Jack Nichols (b. John Richard Nichols in Washington, D.C. on March 16, 1938 — May 2, 2005) was an American gay rights activist. He co-founded the Washington D.C. branch of the Mattachine Society in 1961 with Franklin E. Kameny.

Biography Edit

Nichols was born in Washington, D.C. and came out as gay to his parents as a teenager.[1]

Activism Edit

Nichols founded the D.C. branch of the Mattachine Society in 1961, and the Florida branch in 1965. Beginning in 1963, he chaired the D.C. chapter's Committee on Religious Concerns, which later developed into the Washington Area Council on Religion and the Homosexual. This organization was pioneering in forging links between the gay rights movement and the National Council of Churches.[2]

Nichols led the first gay rights march on the White House, in April 1965.[3] He also successfully lobbied the American Psychiatric Association to rescind its definition of homosexuality as a form of mental illness.[3]

In 1969, after moving to New York, Nichols and his partner Lige Clarke founded GAY, the first gay weekly newspaper in the US.[1]

From February 1997, Nichols was Senior Editor at, an online newsmagazine. He died on May 2, 2005, of complications from cancer. [4]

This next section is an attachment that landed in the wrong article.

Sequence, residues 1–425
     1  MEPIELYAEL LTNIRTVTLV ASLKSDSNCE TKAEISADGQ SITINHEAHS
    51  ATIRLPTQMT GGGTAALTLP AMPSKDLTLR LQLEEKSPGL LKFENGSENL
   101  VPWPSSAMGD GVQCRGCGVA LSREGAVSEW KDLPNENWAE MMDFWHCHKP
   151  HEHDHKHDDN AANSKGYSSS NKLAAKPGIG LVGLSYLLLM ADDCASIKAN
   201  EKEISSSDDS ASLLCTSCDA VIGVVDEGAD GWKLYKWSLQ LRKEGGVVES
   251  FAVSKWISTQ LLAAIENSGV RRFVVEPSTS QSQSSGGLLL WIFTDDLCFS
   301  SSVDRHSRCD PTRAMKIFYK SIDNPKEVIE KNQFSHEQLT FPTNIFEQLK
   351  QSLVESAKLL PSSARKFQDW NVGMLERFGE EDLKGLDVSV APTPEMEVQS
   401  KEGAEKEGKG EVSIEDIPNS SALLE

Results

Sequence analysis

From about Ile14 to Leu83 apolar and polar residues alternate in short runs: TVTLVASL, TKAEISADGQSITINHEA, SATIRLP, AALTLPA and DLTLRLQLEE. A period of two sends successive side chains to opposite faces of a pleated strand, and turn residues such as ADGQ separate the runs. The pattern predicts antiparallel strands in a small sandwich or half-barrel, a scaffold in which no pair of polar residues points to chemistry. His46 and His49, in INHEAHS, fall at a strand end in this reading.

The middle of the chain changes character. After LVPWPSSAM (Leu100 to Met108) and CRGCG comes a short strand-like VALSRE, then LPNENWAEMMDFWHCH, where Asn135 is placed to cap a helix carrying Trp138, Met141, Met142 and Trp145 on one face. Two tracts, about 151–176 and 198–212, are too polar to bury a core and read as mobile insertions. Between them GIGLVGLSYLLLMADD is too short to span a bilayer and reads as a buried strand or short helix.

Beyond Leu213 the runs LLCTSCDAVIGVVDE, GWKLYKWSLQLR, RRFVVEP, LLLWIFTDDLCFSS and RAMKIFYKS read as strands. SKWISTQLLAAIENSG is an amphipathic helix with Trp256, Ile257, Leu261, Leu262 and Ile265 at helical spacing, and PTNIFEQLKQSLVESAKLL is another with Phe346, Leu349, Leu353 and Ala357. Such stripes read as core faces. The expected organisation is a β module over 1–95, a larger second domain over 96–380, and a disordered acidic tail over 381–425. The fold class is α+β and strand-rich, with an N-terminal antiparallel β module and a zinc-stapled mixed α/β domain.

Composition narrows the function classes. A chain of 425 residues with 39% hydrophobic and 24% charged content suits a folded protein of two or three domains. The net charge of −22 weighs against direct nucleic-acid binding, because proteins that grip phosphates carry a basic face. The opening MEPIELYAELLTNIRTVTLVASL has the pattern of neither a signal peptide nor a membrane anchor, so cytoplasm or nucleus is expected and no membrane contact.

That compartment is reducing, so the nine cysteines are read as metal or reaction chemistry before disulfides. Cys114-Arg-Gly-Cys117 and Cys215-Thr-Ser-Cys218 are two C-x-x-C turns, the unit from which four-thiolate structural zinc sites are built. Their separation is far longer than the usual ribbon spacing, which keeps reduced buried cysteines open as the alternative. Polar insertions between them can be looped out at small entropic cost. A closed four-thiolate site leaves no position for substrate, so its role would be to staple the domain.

Works Edit

  • Clarke, Lige; Jack Nichols (1974). Roommates Can't Always be Lovers: An Intimate Guide to Male-male Relationships. St. Martin's Press. 
  • (1975) Men's Liberation: A New Definition of Masculinity. Penguin. ISBN 0140040366. 
  • (1996) The Gay Agenda: Talking Back to the Fundamentalists. Prometheus. ISBN 1573921033. 
  • (2004) The Tomcat Chronicles: Erotic Adventures of a Gay Liberation Pioneer. Haworth Press. ISBN 1560234881. 

References Edit

  1. 1.0 1.1 Fox, Margalit (2005-05-04), “Jack Nichols, Gay Rights Pioneer, Dies at 67”, The New York Times, <>. Retrieved on 2007-09-24 
  2. The Washington Area Council on Religion & the Homosexual”, The Rainbow History Project, <>. Retrieved on 24 September 2007 
  3. 3.0 3.1 Seminal GLBT Leader Jack Nichols Passes Away”, Equality Forum, 2005-05-02, <>. Retrieved on 24 September 2007 
  4. Jack Nichols”, The Lesbian, Gay, Bisexual and Transgender Religious Archives Network, <>. Retrieved on 2007-09-24 

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